Health Care Costs Following Anterior Cervical Discectomy and Fusion or Cervical Disc Arthroplasty

Spine 2024;49:530–535

Study Design. Observational cohort study.

Objective. To describe the postoperative costs associated with both anterior cervical discectomy and fusion (ACDF) and cervical disc arthroplasty (CDA) in the two-year period following surgery.

Summary of Background Data. CDA has become an increasingly common alternative to ACDF for the treatment of cervical disc disorders. Although a number of studies have compared clinical outcomes between both procedures, much less is known about the postoperative economic burden of each procedure.

Materials and Methods. By analyzing a commercial insurance claims database (Marketscan, Merative), patients who underwent one-level or two-level ACDF and CDA procedures between January 1, 2017 and December 31, 2017 were identified and included in the study. The primary outcome was the cost of payments for postoperative management in the two-year period following ACDF or CDA. Identified postoperative interventions included in the study were: (i) physical therapy, (ii) pain medication, (iii) injections, (iv) psychological treatment, and (iv) subsequent spine surgeries.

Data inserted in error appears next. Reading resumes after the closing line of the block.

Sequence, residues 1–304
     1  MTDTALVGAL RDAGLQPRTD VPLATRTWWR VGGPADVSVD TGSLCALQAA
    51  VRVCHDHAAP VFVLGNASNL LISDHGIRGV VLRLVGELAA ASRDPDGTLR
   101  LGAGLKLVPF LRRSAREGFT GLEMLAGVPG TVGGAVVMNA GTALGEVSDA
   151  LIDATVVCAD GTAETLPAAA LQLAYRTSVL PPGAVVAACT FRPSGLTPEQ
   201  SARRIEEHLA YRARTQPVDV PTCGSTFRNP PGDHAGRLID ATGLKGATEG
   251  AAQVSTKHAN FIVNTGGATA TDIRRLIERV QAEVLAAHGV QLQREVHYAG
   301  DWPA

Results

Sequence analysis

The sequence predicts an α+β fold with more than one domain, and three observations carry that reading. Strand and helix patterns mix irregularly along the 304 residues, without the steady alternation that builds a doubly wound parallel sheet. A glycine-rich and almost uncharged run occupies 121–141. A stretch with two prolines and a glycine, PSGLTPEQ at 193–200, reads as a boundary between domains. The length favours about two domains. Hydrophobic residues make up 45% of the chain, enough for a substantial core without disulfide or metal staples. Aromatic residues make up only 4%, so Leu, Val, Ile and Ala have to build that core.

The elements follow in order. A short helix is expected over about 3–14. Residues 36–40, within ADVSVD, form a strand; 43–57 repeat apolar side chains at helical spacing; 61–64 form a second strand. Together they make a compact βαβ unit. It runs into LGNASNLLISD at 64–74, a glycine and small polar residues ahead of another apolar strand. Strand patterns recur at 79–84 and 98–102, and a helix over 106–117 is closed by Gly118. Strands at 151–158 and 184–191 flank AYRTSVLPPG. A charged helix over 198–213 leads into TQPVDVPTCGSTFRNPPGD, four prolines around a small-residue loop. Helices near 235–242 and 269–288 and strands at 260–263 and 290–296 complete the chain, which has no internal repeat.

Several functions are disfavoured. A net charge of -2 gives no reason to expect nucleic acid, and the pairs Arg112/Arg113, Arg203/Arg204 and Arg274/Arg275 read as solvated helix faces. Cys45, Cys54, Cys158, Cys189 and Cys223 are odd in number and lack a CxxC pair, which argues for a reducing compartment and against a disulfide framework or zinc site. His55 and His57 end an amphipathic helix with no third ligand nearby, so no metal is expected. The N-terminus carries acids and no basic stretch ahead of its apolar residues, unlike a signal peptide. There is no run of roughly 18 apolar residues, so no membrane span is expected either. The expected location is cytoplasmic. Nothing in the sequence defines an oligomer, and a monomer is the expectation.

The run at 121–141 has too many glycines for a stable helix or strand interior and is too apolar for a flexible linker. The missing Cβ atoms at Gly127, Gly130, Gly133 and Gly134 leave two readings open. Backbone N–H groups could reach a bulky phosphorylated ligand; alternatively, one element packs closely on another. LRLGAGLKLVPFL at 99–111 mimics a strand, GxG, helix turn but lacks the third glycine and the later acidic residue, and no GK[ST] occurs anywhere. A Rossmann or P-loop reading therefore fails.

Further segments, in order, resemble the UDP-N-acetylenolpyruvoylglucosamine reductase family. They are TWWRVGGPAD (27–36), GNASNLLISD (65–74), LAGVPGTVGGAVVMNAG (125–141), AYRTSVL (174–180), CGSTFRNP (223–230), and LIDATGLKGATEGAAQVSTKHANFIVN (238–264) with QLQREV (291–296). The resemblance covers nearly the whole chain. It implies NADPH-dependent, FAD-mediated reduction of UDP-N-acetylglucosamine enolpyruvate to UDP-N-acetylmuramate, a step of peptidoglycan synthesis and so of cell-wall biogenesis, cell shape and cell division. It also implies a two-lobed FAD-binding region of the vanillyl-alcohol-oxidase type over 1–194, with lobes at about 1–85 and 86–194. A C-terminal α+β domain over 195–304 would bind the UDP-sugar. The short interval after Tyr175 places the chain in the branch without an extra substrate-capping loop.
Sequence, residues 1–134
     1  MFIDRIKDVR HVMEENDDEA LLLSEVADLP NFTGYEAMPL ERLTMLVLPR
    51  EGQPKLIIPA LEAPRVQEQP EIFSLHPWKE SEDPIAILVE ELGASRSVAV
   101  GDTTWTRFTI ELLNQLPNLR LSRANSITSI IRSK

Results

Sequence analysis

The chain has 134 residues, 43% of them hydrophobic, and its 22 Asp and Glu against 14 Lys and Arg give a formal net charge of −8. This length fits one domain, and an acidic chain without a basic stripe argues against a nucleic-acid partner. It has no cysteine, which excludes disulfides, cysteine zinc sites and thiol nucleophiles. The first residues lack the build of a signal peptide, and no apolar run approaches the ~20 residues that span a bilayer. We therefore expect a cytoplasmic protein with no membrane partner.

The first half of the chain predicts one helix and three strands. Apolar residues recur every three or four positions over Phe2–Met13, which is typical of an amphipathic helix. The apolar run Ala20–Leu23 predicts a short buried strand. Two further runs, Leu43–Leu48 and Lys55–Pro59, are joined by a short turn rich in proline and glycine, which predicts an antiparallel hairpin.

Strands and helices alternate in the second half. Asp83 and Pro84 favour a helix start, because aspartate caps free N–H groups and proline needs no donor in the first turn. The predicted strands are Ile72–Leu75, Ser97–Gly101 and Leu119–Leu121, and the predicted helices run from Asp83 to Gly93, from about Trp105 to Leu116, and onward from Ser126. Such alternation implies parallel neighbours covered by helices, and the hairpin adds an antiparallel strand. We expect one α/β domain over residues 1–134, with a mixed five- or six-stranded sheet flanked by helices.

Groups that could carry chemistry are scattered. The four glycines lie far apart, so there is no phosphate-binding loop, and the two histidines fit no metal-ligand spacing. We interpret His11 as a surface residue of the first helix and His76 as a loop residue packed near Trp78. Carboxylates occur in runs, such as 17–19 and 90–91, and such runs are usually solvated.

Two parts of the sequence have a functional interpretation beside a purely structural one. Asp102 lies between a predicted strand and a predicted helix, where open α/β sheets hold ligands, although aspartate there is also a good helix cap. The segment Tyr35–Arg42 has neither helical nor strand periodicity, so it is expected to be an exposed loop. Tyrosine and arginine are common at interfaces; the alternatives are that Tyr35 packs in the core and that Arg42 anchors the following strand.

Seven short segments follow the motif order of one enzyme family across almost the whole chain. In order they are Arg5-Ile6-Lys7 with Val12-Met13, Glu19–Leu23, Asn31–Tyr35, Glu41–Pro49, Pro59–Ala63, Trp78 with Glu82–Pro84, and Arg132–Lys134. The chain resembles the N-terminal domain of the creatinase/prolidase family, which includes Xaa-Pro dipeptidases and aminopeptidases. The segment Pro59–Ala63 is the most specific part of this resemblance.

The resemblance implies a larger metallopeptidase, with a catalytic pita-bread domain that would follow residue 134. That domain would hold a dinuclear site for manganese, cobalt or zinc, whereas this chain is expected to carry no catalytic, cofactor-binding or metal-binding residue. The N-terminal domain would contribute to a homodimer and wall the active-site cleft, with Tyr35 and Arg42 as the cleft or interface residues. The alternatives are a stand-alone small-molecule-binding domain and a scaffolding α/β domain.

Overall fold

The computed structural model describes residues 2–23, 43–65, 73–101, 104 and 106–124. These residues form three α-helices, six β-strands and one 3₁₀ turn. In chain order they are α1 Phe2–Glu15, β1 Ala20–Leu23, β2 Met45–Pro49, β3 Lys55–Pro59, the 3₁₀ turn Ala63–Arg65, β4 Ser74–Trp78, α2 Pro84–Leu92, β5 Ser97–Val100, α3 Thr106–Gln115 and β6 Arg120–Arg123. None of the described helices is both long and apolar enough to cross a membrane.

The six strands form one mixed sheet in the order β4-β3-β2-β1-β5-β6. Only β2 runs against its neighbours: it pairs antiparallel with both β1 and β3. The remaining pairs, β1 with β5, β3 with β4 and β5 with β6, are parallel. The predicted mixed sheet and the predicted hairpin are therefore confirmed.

Results. Totally, 2304 patients (age: 49.0 ± 9.4 yr; male, 50.1%) were included in the study. In all, 1723 (74.8%) patients underwent ACDF, while 581 (25.2%) underwent CDA. The cost of surgery was similar between both groups (ACDF: $26,819 ± 23,449; CDA: $25,954 ± 20,620; P = 0.429). Thirty-day, 90-day, and two-year global costs were all lower for patients who underwent CDA compared with ACDF ($31,024 vs. $34,411, $33,064 vs. $37,517, and $55,723 vs. $68,113, respectively).

Conclusion. Lower two-year health care costs were found for patients undergoing CDA compared with ACDF. Further work is necessary to determine the drivers of these findings and the associated longer-term outcomes.

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